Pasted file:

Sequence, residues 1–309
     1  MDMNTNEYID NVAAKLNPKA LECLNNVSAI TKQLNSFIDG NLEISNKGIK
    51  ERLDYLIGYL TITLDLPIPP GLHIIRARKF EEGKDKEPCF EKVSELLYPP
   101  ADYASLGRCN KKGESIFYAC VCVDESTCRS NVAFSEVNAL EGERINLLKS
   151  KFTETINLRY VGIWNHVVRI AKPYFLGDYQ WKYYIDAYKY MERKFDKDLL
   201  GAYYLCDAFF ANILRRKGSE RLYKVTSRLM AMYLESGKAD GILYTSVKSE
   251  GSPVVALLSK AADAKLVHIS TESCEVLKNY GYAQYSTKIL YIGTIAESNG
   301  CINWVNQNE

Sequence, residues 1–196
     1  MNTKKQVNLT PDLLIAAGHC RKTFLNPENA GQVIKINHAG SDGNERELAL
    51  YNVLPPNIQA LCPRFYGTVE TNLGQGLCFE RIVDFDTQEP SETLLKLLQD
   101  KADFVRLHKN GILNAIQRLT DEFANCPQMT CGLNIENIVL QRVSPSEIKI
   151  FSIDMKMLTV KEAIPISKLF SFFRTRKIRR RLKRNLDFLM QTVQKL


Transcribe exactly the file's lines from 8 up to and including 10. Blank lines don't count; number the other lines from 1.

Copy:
   301  CINWVNQNE

Sequence, residues 1–196
     1  MNTKKQVNLT PDLLIAAGHC RKTFLNPENA GQVIKINHAG SDGNERELAL